back to article Tails-hacking Exodus: Here's video proof of our code-injection attack

Exodus Intelligence has revealed what it claims is video evidence of researchers unmasking an anonymous user of the Tails operating system. The security bods claim they can upload malicious code to a system running Tails, execute the payload remotely, and ultimately discover the victim's public IP address. Tails is a fork of …

  1. fearnothing

    "We hope to break the mold of unconditional trust in a platform. Users should question the tools they use, they should go even further to understand the underlying mechanisms that interlock to grant them security,"

    That's absurd. Users don't have time to learn the kind of in-depth computing knowledge required to understand security properly, that's why we have security professionals. If your builder or estate agent put in the time required to learn that degree of detail, you wouldn't have a car or a house.

  2. Johnny Canuck

    Hmm

    TAILS just released an updated version yesterday with the advice "All users must upgrade as soon as possible - this release fixes numerous security issues."

    So maybe not an issue anymore.

  3. Gotno iShit Wantno iShit

    Why?

    I'm struggling to understand Exodus' motivation in this. The flaw they have identified seems like exactly the kind that to them is saleable product. Surely their customers would be foaming at the mouth to get hold of this and would pay handsomely for it? Why render that product valueless?

    Perhaps Exodus already have other better attacks? In that scenario I'm still struggling with why Exodus are highlighting that I2P is vulnerable. Forget any 'good of the community' argument, it doesn't wash given their business model.

    Could it be that Exodus do have a much better attack, one that is so good they are asking a kings ransom for it and their customers won't pay up? An attack so good that the customers see it as too good to be true? Exodus are therefore trying to improve the credibility of their expensive attack by publicly demonstrating their skill in attacking I2P?

    Ah hell, I seem to have drifted into tinfoil hat territory.

    1. This post has been deleted by its author

    2. Anonymous Coward
      Anonymous Coward

      Re: Why?

      I'd imagine a Tor/I2P vulnerability is worth a fair amount of cash from governments wanting to trace and spy on users. These companies selling vulns have no morals (they know the vulns are used by govts to identify, spy on and sometimes to kill people), so I'd presume they have more Tor/I2P vulns for sale and are using this for publicity in order to boost their brand/sales.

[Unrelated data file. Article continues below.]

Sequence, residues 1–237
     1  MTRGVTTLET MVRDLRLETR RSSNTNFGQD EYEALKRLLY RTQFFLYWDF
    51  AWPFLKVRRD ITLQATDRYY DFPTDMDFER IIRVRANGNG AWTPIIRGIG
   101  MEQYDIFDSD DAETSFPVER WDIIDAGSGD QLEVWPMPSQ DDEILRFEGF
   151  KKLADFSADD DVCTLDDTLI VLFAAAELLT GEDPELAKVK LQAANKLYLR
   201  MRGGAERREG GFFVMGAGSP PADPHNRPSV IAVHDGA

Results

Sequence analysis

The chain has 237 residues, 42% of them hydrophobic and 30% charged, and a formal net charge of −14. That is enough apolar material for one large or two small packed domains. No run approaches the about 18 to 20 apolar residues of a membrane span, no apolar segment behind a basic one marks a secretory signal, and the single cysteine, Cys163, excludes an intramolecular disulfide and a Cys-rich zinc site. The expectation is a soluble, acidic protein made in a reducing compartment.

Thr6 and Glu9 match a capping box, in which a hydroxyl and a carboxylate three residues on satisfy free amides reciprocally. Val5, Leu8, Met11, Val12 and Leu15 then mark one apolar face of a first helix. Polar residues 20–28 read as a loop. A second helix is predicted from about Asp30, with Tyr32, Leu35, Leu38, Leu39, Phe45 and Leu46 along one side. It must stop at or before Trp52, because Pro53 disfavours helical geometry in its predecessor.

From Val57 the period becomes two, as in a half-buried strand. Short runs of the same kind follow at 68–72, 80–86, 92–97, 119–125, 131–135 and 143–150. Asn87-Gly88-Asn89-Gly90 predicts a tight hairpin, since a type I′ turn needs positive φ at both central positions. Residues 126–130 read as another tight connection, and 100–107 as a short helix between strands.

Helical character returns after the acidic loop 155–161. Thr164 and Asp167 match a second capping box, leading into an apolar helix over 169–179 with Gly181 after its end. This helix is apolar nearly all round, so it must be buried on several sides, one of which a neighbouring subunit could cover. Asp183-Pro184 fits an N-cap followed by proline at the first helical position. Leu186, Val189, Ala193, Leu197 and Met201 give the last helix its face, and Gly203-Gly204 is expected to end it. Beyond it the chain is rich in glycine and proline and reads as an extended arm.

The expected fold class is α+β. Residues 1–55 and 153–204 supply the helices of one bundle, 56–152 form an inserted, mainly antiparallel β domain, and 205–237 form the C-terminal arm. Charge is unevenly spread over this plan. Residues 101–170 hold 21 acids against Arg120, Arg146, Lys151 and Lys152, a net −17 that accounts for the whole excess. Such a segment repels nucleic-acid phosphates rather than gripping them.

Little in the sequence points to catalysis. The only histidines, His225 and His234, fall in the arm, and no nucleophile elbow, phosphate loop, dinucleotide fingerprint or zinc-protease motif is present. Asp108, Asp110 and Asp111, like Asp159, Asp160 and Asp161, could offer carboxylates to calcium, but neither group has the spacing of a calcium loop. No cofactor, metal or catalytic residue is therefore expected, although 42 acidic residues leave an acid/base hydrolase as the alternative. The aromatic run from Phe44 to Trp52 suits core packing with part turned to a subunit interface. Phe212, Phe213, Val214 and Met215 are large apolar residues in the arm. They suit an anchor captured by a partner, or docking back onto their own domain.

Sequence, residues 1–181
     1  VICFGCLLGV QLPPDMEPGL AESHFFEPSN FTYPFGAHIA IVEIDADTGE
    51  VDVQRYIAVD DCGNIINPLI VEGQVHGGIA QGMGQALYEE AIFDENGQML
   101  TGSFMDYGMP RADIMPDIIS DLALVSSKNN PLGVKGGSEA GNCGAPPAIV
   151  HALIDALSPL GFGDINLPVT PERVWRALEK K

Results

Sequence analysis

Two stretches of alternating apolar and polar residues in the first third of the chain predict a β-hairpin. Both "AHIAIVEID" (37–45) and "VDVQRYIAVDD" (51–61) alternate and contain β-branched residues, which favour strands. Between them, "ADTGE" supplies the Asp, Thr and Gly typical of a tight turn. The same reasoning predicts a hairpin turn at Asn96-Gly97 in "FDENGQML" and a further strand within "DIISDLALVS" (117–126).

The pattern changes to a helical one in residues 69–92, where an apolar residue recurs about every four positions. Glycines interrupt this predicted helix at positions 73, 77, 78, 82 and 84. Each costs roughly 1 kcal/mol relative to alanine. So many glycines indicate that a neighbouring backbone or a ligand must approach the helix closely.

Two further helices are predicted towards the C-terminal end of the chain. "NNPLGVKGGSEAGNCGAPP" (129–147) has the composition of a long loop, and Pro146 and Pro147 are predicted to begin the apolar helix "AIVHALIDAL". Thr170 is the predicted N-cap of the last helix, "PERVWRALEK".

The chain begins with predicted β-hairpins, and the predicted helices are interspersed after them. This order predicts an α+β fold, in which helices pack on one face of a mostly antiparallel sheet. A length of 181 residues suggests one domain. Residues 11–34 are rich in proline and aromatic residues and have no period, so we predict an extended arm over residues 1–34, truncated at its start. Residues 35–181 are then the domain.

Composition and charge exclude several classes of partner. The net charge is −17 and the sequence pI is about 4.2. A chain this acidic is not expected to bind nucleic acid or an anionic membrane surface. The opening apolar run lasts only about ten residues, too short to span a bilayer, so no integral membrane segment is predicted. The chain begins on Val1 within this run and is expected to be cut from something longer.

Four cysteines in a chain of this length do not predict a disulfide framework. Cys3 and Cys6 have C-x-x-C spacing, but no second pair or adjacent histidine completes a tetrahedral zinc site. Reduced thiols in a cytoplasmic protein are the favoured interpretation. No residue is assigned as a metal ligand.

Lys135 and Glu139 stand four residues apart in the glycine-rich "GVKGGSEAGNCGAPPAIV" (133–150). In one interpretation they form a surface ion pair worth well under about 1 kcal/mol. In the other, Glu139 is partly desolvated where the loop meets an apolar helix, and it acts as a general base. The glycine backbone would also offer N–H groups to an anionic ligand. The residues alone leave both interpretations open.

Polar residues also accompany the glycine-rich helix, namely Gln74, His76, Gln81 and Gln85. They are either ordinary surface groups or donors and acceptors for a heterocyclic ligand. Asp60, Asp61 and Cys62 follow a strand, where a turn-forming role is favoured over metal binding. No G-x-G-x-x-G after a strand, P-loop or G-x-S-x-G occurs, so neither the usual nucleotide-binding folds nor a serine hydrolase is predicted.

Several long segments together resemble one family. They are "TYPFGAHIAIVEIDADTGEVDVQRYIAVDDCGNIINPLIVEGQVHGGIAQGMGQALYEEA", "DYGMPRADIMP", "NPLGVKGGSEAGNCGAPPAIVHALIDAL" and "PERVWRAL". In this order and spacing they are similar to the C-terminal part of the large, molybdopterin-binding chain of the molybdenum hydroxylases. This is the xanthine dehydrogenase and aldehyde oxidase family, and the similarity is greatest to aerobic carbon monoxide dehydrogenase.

3. Matt Bryant Silver badge
      Facepalm

      Re: Gotno Re: Why?

      "I'm struggling to understand Exodus' motivation in this....." Marketing. I suspect the hole was actually not that hard to find or fix, offering limited potential for profit, but the publicity, whilst hard to quantify, is very good for future profitability. They win friends in the tinfoil-attired community by 'protecting' a product their 'heroes' have told them is 'good', and at the same time get inches on technical websites where real businesses (with money to spend on security consultancy) may see it. Had you even heard of Exodus before this article?

    4. Anonymous Coward
      Anonymous Coward

      Re: Why?

      Most likely their customers don't need to buy their latest hack because this one already exists. So they will get this one fixed and then all their customers will need to buy the new undisclosed one to maintain their current capabilities.

  4. Steve Graham

    Exodus: Hey, NSA, we've got a great new Tails vuln to sell!

    NSA: Nah, sorry guys, we've already got it.

    Exodus: Hey, Press, our morally upstanding company is helping users!

    1. h4rm0ny

      followed two months later by:

      Exodus: Hey, NSA. We heard that Tails vuln you were depending got found and fixed. Would you like to buy this other one we have?

  5. Old Handle
    Stop

    So it's a bug in I2P but...

    They claim it works on the on a default install with no configuration changes, but as of the last time I used Tails (admittedly several versions back) it didn't even start I2P automatically. I guess it's strictly true that launching a program is not a "configuration change", but if that's their game, it's more than a little dishonest to call this a vulnerability in Tails.

    It's possible Tails has changed since I used it, or maybe there's some hook left for I2P that makes this attack work even when the main program isn't running, but I doubt it.

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